Sony KDL-55HX823 review

Elegant design and fantastic motion handling, but 3D images lack  punch Tested at £2300

What Hi-Fi? Verdict

Features and motion-handling to die for. Good, but not necessarily great image quality


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    Elegant design

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    fantastic motion handling

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    Freeview HD picture

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    Smart functionality


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    3D glasses cost extra

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    detail in blacks can be bettered

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    3D images lack punch

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Sony’s KDL-55HX823 is billed as a premium 3D-enabled screen, so the fact it comes with no 3D glasses seems to be taking the mickey a bit. That faux pas apart, the Sony is a talented and hugely desirable TV.

Its styling is dramatic and purposeful, and Sony’s OptiContrast panel has been designed to help minimise the effects of glare on the screen.

The front of the set comprises a sheet of toughened, scratch-resistant Gorilla glass, similar to that used on consumer electronics such as the iPhone 4. It spreads from corner to corner, leaving only the slimmest of bezels running around the edge.

Motionflow bids bye-bye to Bravia
Sony’s X-Reality PRO engine replaces the Bravia Engine which has served so many Sonys so well over the years.

It introduces new Motionflow XR 400 processing (which still effectively operates at 200Hz), and various noise reduction technologies, including variants for watching online content streamed from the likes of You Tube and BBC iPlayer.

The sum of all these parts is a very impressive 2D picture. During the Blu-ray of X Men: The Last Stand, there’s real depth and darkness to the night sky and the darker recesses of the forest.

The black detail isn’t quite up to the standards of the latest Panasonic plasma sets, however, and there isn’t quite the same level of punch delivered from the moonlight above.

Fine motion handling
Edge definintion, though, is spectacular throughout. The Sony shows a steady hand and razor-sharp precision when drawing and highlighting fine lines and subtle details.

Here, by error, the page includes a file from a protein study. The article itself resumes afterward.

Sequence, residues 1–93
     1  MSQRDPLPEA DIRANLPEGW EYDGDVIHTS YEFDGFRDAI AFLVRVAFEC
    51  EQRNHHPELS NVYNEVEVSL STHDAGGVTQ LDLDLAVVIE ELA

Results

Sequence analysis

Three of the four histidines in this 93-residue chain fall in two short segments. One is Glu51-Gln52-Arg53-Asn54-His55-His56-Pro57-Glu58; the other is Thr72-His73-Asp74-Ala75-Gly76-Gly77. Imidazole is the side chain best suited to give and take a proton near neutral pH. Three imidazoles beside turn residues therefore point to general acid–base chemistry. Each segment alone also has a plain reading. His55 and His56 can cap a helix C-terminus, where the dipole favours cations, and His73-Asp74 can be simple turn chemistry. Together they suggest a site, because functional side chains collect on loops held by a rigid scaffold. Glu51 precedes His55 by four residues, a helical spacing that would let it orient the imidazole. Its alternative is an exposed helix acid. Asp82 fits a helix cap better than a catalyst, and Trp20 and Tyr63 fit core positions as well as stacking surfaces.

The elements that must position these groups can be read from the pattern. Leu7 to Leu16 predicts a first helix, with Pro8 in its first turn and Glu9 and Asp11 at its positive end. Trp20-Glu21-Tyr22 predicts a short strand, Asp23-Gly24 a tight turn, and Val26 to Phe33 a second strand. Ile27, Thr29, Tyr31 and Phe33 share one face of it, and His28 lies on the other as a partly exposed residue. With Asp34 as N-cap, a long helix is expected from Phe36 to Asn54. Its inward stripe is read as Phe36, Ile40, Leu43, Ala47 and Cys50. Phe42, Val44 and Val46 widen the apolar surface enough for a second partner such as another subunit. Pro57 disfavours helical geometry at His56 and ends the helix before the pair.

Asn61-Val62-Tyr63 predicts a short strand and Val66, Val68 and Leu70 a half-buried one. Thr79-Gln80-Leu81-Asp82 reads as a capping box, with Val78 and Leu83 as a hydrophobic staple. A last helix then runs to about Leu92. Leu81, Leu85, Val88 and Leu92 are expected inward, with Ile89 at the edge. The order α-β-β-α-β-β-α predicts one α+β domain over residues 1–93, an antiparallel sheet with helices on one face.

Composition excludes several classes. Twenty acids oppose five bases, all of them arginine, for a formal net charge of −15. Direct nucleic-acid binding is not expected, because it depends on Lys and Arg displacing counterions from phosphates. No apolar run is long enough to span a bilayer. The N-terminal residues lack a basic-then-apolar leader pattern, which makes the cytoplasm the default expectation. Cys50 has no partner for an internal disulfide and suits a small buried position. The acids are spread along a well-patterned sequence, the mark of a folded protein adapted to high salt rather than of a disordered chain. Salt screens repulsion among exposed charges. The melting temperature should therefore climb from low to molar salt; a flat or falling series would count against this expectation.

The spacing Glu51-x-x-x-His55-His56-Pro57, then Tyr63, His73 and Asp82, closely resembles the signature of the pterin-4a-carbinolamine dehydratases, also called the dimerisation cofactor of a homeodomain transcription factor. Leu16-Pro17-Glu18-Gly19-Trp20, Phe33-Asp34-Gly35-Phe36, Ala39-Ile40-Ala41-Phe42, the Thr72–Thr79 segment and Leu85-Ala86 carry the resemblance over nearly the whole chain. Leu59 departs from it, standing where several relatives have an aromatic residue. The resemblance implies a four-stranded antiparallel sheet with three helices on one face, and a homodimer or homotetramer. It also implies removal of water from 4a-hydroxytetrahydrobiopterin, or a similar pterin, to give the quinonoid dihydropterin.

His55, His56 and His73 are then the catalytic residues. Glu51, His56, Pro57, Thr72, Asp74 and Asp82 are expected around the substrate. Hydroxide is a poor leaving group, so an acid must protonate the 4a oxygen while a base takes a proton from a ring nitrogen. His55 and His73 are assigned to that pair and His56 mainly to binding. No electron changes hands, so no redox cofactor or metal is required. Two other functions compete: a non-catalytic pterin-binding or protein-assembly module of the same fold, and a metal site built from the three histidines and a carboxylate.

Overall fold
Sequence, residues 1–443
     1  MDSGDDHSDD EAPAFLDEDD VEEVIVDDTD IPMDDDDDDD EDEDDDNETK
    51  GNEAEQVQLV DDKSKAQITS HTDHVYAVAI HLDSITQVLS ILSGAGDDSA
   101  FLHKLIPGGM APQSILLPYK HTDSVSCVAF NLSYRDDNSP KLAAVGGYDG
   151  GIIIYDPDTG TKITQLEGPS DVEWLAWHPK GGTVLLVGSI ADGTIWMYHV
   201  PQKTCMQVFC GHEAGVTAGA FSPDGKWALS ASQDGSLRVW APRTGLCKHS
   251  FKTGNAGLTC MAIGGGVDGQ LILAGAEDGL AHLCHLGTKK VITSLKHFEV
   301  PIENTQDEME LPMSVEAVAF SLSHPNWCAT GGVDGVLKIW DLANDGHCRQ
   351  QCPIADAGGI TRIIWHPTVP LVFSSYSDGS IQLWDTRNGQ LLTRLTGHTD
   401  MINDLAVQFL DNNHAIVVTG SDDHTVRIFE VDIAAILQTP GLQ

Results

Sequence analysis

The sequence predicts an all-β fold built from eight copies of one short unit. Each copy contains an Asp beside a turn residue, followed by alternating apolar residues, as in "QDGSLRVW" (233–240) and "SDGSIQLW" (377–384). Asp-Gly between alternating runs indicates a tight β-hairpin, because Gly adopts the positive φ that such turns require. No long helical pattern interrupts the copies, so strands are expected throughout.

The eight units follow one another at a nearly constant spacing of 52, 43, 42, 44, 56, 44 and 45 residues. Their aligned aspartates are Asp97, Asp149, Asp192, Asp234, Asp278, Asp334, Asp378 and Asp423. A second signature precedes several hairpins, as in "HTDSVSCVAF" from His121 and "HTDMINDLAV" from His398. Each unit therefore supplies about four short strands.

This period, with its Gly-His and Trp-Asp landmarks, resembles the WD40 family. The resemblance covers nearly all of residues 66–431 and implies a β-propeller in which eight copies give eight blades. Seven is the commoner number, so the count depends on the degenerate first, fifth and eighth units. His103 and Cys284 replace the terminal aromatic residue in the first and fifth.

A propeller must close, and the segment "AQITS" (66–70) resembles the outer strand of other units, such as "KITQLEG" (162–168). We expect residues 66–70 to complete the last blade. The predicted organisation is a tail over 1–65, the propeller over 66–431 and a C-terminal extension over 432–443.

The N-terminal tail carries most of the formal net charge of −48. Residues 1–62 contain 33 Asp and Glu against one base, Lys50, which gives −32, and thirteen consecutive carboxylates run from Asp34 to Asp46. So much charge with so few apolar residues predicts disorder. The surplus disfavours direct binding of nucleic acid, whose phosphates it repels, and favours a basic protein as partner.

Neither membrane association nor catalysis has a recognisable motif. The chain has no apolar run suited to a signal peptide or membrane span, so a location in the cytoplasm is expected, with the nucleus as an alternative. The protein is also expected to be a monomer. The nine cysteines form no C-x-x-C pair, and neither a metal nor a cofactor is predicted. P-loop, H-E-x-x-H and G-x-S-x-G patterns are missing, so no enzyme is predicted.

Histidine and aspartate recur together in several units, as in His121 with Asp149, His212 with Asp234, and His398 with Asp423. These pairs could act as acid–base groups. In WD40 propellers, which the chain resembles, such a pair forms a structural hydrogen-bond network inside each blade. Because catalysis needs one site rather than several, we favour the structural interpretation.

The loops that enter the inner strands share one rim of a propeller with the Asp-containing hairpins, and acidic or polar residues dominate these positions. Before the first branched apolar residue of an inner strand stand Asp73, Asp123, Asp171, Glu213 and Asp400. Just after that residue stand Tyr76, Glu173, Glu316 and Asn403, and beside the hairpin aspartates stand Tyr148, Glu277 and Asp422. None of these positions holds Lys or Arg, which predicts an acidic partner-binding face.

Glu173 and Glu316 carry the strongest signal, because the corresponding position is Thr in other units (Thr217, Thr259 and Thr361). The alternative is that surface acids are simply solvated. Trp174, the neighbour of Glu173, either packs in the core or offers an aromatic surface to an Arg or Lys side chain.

It also helps that the 55HX823 boasts fine motion-handling. With Motionflow set to standard, there isn’t a horizontal, vertical or diagonal movement that the Sony can’t grasp.

Images appear clear and composed when you make the switch to DVD, while even an episode of Eastenders streamed through BBC iPlayer gives a very watchable picture.

Off-air, the Freeview HD tuner presents stable, relatively noise-free images. HD channels show the Sony at its finest, presenting you with natural, smooth images in the same ball-park as the best TVs in this class.

Better 3D glasses

Sony’s latest 3D glasses (TDG-BR250), are lighter and more comfortable than last year’s. Sony claims they work better with the screen to reduce the effects of crosstalk – and we tend to agree.

The 3D image can still lose focus when you tilt your head, so you need to keep your head relatively still, but watch Despicable Me and as Gru takes off for the moon there’s a real sense of drama and depth to the picture.

The nose of the space shuttle appears to extend out of the screen, to poke around your living room.

The TV speakers are perfectly listenable, despite sounding a little thick and indistinct. We’d take this over tinny and thin-sounding any day, as it’s far less offensive to our ears.

This Sony is a very accomplished TV, but the lack of 3D glasses in the box is annoying and it doesn’t quite have the all-round appeal of its nearest rivals.

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